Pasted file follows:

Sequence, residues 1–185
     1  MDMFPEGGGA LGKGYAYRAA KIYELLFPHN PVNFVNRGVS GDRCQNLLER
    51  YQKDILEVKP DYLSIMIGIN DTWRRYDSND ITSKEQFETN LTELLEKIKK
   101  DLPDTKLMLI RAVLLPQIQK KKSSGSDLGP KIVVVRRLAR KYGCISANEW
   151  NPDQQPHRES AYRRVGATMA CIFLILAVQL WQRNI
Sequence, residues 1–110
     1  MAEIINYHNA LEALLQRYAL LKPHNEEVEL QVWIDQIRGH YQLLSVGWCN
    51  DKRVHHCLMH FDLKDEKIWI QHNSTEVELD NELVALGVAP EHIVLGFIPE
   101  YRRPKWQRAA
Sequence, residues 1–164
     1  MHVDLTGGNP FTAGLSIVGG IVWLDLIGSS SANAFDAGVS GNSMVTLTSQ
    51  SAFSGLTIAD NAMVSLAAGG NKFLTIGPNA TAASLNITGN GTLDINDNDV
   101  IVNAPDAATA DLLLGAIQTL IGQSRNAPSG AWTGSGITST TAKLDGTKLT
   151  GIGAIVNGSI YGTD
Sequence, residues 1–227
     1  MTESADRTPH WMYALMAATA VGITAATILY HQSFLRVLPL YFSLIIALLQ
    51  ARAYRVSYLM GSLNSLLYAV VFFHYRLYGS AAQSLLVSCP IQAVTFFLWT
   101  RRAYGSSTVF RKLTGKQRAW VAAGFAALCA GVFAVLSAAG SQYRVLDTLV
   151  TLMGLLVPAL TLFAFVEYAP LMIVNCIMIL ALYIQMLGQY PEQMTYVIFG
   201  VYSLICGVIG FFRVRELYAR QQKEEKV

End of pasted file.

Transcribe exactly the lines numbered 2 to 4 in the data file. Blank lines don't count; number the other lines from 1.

     1  MDMFPEGGGA LGKGYAYRAA KIYELLFPHN PVNFVNRGVS GDRCQNLLER
    51  YQKDILEVKP DYLSIMIGIN DTWRRYDSND ITSKEQFETN LTELLEKIKK
   101  DLPDTKLMLI RAVLLPQIQK KKSSGSDLGP KIVVVRRLAR KYGCISANEW